The Museum of Saint John of the Cross, is the only existing one in the world dedicated to his figure, it was inaugurated in 1978 in the premises of the convent of San Miguel de los Carmelitas Descalzos, where the mystical poet went to get cured of the “fever” :
(…) “I received here in La Peñuela the batch of letters that the servant brought me. I am very careful. Tomorrow I am going to Úbeda to heal from some fever, for which, (as there have been more than eight days that they give me every day and they do not cease) it seems that I will need medical help “(…).
This Carmelite convent was founded in 1587, under the invocation of San Miguel, patron of the city, as a result of the impulse that the Order of Carmel will receive from the hands of Saint Teresa of Jesus. Saint John of the Cross remains here from September 28 until his death in a poor cell at midnight between December 13 and 14, 1591.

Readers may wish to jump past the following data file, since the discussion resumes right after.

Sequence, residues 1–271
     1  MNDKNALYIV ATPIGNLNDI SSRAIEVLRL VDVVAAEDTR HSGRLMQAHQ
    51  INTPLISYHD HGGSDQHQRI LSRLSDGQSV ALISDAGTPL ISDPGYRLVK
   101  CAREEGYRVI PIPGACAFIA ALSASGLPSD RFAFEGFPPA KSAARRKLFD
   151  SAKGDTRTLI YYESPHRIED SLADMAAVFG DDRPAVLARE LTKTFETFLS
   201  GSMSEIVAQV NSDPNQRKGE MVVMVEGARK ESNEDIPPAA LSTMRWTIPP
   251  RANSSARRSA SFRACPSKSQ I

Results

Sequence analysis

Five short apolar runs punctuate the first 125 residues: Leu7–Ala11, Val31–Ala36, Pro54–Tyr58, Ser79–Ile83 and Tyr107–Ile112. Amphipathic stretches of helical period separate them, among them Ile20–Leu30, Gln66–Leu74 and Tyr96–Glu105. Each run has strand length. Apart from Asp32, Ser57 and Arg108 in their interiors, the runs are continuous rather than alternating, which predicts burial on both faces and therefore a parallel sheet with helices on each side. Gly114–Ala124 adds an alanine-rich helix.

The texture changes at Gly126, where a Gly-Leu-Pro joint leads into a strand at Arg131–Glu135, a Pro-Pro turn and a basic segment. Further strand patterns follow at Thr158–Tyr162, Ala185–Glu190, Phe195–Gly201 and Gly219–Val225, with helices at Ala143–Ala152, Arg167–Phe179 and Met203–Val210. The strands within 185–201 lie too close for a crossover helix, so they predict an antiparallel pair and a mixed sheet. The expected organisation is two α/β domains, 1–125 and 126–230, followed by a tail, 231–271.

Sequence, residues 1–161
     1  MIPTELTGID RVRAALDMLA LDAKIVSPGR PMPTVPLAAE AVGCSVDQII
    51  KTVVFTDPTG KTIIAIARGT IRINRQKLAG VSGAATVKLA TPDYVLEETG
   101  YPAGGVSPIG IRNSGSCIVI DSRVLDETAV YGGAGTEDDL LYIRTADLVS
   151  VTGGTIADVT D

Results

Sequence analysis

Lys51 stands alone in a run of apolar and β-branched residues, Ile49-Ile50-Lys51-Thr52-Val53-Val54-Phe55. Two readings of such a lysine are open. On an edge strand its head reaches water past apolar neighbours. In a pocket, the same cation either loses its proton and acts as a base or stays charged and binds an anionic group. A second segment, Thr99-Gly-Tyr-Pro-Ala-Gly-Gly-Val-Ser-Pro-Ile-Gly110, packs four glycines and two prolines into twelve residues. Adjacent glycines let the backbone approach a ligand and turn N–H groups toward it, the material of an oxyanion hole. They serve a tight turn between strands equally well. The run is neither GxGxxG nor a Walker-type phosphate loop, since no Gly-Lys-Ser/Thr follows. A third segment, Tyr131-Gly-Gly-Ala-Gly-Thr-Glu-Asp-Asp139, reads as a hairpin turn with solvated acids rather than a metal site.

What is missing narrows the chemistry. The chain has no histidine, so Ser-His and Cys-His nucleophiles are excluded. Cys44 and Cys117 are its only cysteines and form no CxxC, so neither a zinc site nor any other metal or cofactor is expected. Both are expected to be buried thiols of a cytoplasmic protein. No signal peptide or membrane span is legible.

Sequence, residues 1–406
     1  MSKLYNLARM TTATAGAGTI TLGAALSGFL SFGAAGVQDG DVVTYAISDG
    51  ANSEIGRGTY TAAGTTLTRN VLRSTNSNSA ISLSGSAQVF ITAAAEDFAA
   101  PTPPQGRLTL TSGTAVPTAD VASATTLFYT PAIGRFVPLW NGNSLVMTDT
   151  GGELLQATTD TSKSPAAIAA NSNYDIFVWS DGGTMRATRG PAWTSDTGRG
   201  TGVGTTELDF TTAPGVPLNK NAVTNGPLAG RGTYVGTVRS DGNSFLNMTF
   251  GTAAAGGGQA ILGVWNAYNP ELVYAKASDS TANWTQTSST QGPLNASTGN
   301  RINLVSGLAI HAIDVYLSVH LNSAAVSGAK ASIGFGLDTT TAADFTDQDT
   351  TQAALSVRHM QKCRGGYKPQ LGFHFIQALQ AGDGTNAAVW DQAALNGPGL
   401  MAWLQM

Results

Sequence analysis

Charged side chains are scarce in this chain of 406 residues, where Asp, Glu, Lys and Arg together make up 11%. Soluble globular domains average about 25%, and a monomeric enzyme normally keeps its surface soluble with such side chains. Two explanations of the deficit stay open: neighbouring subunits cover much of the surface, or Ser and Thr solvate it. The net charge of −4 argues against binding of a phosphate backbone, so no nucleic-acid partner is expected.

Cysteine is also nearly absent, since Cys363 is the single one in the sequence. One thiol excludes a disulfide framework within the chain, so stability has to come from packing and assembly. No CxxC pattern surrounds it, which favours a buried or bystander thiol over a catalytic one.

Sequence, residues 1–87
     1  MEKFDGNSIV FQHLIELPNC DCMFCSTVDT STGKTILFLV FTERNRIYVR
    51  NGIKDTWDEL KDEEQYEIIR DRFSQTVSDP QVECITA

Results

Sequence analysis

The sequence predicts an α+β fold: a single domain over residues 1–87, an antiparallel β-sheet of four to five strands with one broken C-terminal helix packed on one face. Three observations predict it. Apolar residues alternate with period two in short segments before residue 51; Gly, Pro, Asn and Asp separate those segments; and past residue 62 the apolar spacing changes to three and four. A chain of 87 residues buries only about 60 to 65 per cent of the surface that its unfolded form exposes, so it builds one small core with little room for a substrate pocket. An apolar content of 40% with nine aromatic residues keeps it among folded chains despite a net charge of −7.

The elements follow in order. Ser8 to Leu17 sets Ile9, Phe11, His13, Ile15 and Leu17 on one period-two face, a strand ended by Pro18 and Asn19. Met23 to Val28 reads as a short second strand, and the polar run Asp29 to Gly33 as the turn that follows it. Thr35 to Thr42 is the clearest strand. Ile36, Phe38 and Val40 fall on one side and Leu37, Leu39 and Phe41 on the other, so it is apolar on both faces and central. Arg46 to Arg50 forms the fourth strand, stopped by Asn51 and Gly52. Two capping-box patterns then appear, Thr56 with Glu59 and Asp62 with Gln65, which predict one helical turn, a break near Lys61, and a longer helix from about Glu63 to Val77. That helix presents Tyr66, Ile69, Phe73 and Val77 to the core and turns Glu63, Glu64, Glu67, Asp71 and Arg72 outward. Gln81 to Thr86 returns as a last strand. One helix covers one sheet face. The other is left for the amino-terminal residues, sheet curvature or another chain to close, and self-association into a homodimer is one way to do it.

In 1627, an Oratory was attached to the convent to house the tomb of Saint John of the Cross, being the first temple in the Catholic world built in his honor. It is thought that the Oratory is located in the same space as the cell where the Saint died, and there is an inscription on the façade that recalls this fact.
The Saint John of the Cross Museum is made up of various rooms, where the old Conventual Sacristy stands out, with various relics of the Saint, such as two fingers of his right hand and which are one of the main attractions of the Oratory. In other rooms, other spaces and objects that were related to the Saint are shown (iconography, the cell where he died, writings, etc.). The Museum has also been enriched with a notable library specialized in Saint John and spirituality issues.